That said, what issues do I have with Mankiw’s 10 principles themselves? That would be a very lengthy conversation. At a 10,000-foot level, I would say they are “half-truths that add up to delusional bupkis.” More specifically, behavioral economics has clearly demonstrated that consumers are not rational operators, and that principles 1–4 are not only oversimplifications, but actually distort or distract from the microeconomic dynamics that are really in play. Human decision trees are not analytically neat-and-tidy, they are messy, impulsive and emotional; and, in fact, marketing knowingly exploits that unstable irrationality to condition completely counterfactual, counterproductive, unhealthy, demeaning and dangerous consumption patterns in consumers. For crying out loud…this is obvious to anyone who observes or researches real-world consumer responses to corporate coercion and manipulation.
After 1–4, Mankiw gets a bit more sneaky with 5–7. He uses the phrasing “trade can,” “markets are usually,” and “governments can sometimes,” and of course we can’t really argue those points, because…well…they are in fact reasonable. Except…well…are they? It is when Mankiw elaborates on these points further (in his writings, etc.) that we see the depth of his blindness — how he does not appreciate or address the complex interdependencies involved, or the widely demonstrated externalities and causal chains, or in fact the well-established track record of what actually works in the real world…and what really doesn’t. This is where we can get lost in the weeds, but suffice it to say that Mankiw doesn’t begin to fully enumerate all of the inputs and outputs of trade, or the complex landscape of variables that influence those inputs and outputs, or, indeed, the disastrous consequences of what can fairly be described as “Mankiw-esque” market fundamentalist policies we have witnessed in the past. His ideas live in a bubble — applicable to what I call “a unicorn market,” one that has never and will never exist.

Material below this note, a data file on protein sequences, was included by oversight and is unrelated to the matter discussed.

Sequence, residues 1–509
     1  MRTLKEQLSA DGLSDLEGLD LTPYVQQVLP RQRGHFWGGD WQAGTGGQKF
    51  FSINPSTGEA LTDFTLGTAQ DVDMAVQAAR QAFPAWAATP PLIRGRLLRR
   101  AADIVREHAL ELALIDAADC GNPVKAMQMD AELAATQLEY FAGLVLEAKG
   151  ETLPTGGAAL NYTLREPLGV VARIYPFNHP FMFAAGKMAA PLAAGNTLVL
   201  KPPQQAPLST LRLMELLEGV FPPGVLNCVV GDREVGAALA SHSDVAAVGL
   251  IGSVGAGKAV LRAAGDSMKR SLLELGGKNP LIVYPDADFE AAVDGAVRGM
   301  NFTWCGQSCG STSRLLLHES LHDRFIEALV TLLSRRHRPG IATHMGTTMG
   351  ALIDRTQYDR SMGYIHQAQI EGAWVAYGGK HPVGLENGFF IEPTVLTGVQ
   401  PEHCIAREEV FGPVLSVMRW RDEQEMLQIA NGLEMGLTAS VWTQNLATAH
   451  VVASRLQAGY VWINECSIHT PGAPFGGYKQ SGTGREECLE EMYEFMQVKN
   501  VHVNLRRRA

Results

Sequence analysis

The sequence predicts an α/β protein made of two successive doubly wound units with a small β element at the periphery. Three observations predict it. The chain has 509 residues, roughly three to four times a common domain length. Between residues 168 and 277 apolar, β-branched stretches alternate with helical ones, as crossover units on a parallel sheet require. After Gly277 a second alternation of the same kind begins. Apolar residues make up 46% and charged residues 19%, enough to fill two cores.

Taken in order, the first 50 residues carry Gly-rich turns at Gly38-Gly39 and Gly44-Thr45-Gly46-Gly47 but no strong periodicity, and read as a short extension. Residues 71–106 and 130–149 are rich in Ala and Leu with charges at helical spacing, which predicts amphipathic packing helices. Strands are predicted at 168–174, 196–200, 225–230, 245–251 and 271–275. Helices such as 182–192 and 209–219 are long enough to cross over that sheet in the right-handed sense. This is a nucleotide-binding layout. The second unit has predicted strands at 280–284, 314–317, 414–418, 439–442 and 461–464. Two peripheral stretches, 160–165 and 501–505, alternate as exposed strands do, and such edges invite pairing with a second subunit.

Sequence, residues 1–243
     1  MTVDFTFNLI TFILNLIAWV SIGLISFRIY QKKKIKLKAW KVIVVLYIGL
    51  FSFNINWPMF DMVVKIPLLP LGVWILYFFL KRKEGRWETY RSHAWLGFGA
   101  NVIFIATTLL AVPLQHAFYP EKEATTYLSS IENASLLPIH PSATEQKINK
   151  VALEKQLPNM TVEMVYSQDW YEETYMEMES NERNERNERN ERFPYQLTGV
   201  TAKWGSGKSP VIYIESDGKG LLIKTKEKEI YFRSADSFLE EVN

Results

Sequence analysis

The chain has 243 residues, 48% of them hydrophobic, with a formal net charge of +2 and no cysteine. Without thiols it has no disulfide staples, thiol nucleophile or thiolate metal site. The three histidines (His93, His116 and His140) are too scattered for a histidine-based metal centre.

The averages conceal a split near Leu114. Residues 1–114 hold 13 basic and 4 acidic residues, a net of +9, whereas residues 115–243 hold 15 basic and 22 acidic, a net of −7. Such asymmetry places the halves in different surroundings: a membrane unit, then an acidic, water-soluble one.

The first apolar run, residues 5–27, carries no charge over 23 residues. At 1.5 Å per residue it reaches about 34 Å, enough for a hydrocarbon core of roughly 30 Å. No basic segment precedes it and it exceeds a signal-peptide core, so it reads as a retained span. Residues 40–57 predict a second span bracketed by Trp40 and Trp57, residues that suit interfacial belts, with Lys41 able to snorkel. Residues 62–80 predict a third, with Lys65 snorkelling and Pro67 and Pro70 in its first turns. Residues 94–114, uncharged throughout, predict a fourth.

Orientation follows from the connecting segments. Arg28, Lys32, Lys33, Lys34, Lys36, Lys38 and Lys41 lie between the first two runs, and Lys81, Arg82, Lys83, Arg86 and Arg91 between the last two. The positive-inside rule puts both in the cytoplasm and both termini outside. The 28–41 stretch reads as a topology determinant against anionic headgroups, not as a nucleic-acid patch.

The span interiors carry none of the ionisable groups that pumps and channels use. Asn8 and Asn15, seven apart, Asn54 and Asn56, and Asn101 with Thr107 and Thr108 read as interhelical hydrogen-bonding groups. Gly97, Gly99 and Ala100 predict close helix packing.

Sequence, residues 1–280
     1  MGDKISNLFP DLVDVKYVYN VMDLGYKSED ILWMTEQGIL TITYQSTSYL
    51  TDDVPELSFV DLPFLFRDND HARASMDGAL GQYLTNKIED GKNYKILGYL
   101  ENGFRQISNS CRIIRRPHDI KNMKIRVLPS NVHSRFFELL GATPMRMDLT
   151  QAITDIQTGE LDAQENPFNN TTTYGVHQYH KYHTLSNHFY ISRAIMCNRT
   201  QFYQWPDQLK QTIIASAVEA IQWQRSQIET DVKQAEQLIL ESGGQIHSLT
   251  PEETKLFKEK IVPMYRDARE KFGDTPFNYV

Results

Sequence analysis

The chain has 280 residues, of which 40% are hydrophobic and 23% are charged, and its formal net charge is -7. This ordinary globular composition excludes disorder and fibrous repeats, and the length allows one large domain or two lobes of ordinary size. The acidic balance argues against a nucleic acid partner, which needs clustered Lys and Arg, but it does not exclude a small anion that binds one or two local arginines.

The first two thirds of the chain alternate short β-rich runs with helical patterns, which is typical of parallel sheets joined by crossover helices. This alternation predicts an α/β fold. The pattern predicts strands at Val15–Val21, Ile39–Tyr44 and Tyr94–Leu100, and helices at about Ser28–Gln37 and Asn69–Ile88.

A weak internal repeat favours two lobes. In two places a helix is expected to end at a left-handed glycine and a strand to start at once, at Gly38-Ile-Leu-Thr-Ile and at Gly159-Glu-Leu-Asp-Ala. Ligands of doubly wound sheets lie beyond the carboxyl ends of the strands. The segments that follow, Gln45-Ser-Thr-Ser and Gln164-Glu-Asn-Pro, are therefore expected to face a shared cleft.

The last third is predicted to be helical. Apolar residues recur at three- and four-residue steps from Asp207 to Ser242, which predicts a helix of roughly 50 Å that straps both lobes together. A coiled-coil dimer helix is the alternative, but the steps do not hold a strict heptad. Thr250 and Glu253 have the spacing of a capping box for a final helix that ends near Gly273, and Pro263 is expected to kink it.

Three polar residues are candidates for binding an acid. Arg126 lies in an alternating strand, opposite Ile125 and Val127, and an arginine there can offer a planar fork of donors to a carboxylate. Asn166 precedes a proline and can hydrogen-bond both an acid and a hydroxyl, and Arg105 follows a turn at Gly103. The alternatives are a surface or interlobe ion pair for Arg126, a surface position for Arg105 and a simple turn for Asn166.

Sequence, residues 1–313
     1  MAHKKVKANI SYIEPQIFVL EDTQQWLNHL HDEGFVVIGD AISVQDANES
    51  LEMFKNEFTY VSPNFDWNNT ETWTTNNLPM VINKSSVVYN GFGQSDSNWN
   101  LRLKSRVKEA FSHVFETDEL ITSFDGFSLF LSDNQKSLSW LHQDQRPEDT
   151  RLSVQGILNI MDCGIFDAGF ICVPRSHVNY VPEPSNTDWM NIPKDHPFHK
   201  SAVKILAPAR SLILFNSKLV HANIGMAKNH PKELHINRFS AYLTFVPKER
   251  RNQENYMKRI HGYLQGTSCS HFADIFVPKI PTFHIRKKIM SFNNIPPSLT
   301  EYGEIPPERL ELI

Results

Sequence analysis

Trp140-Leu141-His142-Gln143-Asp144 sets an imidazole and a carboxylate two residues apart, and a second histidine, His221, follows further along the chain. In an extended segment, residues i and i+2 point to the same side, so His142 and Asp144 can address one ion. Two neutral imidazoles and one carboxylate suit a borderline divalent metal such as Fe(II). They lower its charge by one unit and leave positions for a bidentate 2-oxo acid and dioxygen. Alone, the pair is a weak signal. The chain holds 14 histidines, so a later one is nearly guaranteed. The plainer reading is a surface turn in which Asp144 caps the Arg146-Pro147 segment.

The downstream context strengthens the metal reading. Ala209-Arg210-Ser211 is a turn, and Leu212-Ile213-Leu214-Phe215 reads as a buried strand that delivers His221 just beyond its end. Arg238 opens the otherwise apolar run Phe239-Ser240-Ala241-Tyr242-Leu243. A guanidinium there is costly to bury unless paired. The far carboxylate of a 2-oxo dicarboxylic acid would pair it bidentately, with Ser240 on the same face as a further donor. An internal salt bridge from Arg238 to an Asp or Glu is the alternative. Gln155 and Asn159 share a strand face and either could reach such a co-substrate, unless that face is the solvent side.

Principles 8–10, along with most of Mankiw’s thinking, are just more conceptual trickle-down from outdated classical economics. But (and this is pretty ironic IMO) unlike Smith, Ricardo et al, Mankiw fairly reliably excludes the common good from being part of serious deliberation. In other words, he drifts into the realm of laissez-faire that classical economists actually warned about. Where, as Smith wrote: “All for ourselves, and nothing for other people, seems, in every age of the world, to have been the vile maxim of the masters of mankind.” But are points 8–10 accurate in any way? Sure…again if you exclude all sorts of other factors, causes, variables, evidences, etc. that are critical to a complete macroeconomic picture, Mankiw’s points provide a partial, highly tailored framing of causal relationships. So, if a person ignores how markets actually function, the corruptive influences of crony capitalism, how boardroom decisions are actually made, why financialization has displaced production for massive wealth generation, why monopolies occur, where Keynes was proven correct (and what monetary policies actually work), why growth-dependent economies boom-and-bust, etc…and instead pines away for a juicy young unicorn to sate their every neoliberal appetite, well then: Mankiw is the porn for them!
Let me just call out one specific example of Mankiw’s delusional approach. His prescription for most resource allocation challenges is to privatize them — like many neoliberals, Mankiw believes private property is the panacea for all ills. However, Elinor Ostrom demonstrated in her common pool resource management research that the tragedy of the commons need not exist where self-organized, self-managed sharing of common resources is approached a certain way, and she goes on to enumerate observed principles that have been successful. Essentially, there are widely employed systems of access to and utilization of common resources around the globe that completely sidestep the tragedy of the commons without private ownership or government intervention. Hmmm. How could this be? In Mankiw’s unicorn universe, it can’t be, since there will always be free riders and excessive inefficiencies when privatization is absent. But again, Ostrom was just documenting what she observed in the real world, so Mankiw is just, well…wrong. Hence the nature of the problem with most of Mankiw’s thinking — and indeed most market fundamentalist thinking (i.e. Randian objectivists, anarcho-capitalists, individualist economic materialists, Austrian School evangelists, etc.).
My 2 cents.
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